(US) Economy rebounds at better-than-expected pace in the spring, mostly spurred by exports

WASHINGTON (AP) – The economy shifted to a higher gear in the spring, growing at its fastest pace in nearly a year as foreign buyers snapped up U.S. exports and tax rebates spurred shoppers at home.

The Commerce Department reported Thursday that gross domestic product, or GDP, increased at a 3.3 percent annual rate in the April-June quarter. The revised reading was much better than the government’s initial estimate of a 1.9 percent pace and exceeded economists’ expectations for a 2.7 percent growth rate.

The rebound comes after two dismal quarters. The economy actually shrank in the final three months of 2007 and limped into the first quarter at a feeble 0.9 percent pace. The 3.3 percent growth in the spring was the best performance since the third quarter of last year, when the economy was chugging along at a brisk 4.8 percent pace

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Shhhh…You are not suppose to know and disseminate good news like this. :eek:

Don’t you know, we have been in a massive depression for almost 8 years not. :rolleyes:


New chocorat doubleplusgood.

Checking my calendar…nope…it’s not 1984, it’s 2008.

Can you please explain your link between Orwell and the current US economic news?

‘No recession’

The data showed that exports grew at an annualised rate of 13.2%, higher than the government’s initial estimate of 9.2%.

Imports fell at a rate of 7.6% as the US economic slowdown reduced demands for goods made overseas.

The improved trade balance added 3.1 percentage points to second-quarter GDP, the biggest since 1980.

The slowdown in the housing market was evident, as builders cut back and businesses reduced their spending.

Consumer spending, boosted by the government’s $600 tax rebate payments, rose by 1.7%, slightly higher than the previous quarter’s 1.5%.
Some observers said that the figures lent support to the argument that the US was not heading for a recession.

“For a recession the economy is certainly growing very quickly,” said Avery Shenfeld, senior economist at CIBC World Markets.

"A lot of that growth is driven off exports and pessimists might say that can’t continue during slowing growth overseas.
“But I would say this happened precisely during the period of slowing growth overseas … this is still an economy that faces slow times but not a recession.”

And this is one of the benefits of the weak dollar. Other countries find it cheaper to buy our goods, and we find it more expensive to buy theirs. It’s a good corrective cycle for when our imports were getting too imbalanced. Of course, it means vacationing outside of the U.S. costs more, and general products may effectively cost a little more for us, but Americans need to learn to be thrifty again. It also is a bit troubling in that it weakens the prospect of keeping petroleum tied to the dollar. But then again, now the dollar is, of course, strengthening again.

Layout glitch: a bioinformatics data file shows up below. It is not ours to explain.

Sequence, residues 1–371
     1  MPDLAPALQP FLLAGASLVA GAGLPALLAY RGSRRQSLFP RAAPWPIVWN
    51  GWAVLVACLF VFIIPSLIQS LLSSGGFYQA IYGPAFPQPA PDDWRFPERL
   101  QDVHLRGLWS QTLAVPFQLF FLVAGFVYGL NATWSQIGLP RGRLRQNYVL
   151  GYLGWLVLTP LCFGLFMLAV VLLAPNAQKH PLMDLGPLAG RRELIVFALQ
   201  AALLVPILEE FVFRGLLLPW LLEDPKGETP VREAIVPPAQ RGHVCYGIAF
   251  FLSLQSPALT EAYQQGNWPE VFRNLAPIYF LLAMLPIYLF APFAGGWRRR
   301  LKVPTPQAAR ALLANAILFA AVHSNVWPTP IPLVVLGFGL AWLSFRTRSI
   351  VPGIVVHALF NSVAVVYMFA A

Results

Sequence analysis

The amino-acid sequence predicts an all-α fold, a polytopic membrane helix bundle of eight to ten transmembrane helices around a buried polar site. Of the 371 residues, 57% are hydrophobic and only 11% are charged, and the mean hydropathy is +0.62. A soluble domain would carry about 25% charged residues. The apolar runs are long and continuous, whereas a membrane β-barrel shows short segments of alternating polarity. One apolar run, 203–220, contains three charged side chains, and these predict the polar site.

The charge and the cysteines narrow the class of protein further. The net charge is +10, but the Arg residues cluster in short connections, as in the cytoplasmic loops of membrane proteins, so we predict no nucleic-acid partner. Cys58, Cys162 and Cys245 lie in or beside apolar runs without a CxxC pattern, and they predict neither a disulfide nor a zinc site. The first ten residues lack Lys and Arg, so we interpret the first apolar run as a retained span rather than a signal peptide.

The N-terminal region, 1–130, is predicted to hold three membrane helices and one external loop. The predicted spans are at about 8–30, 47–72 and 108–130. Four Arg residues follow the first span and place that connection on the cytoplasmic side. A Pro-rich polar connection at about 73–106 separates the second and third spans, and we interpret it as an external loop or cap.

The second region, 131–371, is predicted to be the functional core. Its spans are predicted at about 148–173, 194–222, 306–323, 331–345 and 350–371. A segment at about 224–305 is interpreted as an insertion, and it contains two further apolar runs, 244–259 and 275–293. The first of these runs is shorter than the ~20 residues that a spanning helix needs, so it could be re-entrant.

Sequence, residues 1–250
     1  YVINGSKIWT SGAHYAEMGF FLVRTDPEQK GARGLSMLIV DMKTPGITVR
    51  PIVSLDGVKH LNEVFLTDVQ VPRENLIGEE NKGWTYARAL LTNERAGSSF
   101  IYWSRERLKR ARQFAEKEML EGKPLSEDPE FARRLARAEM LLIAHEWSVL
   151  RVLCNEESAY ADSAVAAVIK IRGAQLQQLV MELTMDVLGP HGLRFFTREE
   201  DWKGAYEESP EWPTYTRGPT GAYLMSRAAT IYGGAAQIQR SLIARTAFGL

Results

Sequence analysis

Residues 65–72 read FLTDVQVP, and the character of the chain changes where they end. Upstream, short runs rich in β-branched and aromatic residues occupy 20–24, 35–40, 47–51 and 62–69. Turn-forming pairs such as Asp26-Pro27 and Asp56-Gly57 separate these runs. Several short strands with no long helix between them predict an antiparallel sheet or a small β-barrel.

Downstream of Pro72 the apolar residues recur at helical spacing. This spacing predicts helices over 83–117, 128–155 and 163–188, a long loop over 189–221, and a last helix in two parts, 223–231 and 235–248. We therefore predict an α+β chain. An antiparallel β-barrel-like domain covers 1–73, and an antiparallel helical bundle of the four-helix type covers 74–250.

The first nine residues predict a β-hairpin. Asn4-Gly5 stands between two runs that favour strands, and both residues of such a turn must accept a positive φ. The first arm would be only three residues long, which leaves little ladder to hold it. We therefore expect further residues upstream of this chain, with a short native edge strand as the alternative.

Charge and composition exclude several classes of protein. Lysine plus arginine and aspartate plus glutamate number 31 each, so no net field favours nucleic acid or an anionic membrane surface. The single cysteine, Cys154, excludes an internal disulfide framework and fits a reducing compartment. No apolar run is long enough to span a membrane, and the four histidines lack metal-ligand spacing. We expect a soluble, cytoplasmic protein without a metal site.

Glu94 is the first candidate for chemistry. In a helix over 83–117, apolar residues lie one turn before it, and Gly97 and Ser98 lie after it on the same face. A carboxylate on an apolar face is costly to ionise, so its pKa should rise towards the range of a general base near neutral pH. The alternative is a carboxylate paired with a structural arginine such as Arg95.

I wish people who naysay the economy actually knew something about economics. Of course, that wouldn’t serve their purposes.

Most analysts show that the strengthening dollar and the growing recession overseas will make this hiatus in the recession brief. I hope they are wrong. The tax rebates did the Keynesian thing, but it just aggravated what’s really wrong; government borrowing is competing with businesses for investment money.

But it’s a fact that until the “borrow and spend” insanity in Washington ends, things won’t get any better. The present administration squandered all of the surplus they got from the previous eight years, and turned it into the largest deficit in history.

Someone’s going to have to pay it back. The guys in the WH think people who didn’t contribute to their campaigns should do it.

Tell that to the people losing their jobs and the people who can’t afford gas or enough food to feed their families. Tell the people who have watched their home values crash. Tell the people whose real cost of living rose 10%, and who got a 2% raise. Tell them how wonderful the economy is.

Anybody who thinks the economy is doing “just fine” hasn’t got a clue what’s going on out here in the world where people don’t make 5 million a year.

I make far less than 5 million a year. My house depreciated 40% last year (like all of them did in my county). I haven’t gotten a raise in over a year. My home energy costs have gone up over 200% this past year.